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Doblin B; Korenman, S
Academic Medicine: August 1992
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The authors examined the role of natural sciences in entering students' academic preparation for admission to the University of California, Los Angeles (UCLA), School of Medicine by analyzing the college transcripts of 290 students in the classes of 1990 and 1995 to determine the breadth of the students' college course work. In addition, during 1990 the authors surveyed 126 full-time basic science and clinical faculty about their views regarding the optimal requirements for admission. The vast majority of the students' college courses had been in the natural sciences, with no significant change in this finding over the five-year period. Of the faculty surveyed, 97 (77%) responded, stating that the majority of prerequisites should be in the natural sciences; their prerequisites were similar to UCLA's 199192 admission requirements. The authors suggest that the persistently narrow focus on the natural sciences as a preparation for medical school may explain the nationwide need to instruct medical students in the humanities, and that perhaps it is time to require non-science courses to broaden the educational backgrounds of entering students.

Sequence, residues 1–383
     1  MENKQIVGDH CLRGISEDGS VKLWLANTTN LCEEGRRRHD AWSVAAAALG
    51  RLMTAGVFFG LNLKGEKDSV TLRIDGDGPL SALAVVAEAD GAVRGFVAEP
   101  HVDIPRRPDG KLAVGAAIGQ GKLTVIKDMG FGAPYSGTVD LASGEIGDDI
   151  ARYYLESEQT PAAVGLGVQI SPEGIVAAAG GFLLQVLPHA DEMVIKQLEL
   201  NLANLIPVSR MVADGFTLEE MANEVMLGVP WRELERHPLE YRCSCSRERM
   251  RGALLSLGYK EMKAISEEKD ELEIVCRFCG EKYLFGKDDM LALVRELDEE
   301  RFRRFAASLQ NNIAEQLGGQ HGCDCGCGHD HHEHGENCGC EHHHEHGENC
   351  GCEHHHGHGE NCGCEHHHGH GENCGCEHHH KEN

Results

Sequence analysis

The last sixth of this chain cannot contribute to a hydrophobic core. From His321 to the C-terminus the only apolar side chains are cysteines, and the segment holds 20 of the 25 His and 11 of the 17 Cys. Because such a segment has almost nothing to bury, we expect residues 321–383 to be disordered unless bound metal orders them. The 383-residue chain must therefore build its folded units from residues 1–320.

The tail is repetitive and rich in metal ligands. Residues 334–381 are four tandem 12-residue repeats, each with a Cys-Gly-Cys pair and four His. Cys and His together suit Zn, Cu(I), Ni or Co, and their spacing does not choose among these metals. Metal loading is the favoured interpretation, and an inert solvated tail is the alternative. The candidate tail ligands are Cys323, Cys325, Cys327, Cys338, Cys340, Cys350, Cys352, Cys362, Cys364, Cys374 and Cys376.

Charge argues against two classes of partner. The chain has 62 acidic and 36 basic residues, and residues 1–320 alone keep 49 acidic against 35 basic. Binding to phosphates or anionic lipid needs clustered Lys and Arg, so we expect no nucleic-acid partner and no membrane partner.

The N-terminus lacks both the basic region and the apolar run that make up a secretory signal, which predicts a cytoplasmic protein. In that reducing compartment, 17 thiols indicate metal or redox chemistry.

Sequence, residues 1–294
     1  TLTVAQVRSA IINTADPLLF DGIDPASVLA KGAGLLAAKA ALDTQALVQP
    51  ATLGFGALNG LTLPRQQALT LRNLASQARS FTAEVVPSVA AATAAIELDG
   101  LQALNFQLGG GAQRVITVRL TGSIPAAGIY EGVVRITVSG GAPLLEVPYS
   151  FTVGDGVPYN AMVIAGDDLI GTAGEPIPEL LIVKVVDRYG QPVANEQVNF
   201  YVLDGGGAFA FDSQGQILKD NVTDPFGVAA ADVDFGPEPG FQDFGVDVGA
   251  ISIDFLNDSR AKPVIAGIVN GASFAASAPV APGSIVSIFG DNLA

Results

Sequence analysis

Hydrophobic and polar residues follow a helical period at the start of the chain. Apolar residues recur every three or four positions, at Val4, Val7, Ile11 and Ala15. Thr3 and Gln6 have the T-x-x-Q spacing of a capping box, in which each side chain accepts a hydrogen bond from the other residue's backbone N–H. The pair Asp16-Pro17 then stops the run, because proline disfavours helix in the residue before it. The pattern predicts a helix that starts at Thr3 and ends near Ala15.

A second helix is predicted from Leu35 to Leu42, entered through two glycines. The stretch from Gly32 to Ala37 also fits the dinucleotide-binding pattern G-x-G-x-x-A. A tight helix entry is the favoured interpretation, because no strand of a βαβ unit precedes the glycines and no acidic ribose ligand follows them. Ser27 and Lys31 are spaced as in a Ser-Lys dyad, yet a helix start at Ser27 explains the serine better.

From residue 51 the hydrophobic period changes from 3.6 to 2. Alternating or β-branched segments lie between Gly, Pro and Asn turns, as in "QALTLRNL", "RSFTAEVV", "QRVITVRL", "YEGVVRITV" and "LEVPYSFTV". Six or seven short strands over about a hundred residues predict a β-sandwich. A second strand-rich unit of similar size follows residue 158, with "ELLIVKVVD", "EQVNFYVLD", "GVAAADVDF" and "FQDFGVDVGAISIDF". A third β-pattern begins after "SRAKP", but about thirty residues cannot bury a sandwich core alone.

Created Date: 17 September 1992; Completed Date: 17 September 1992; Revised Date: 01 November 2002

© 1992 Association of American Medical Colleges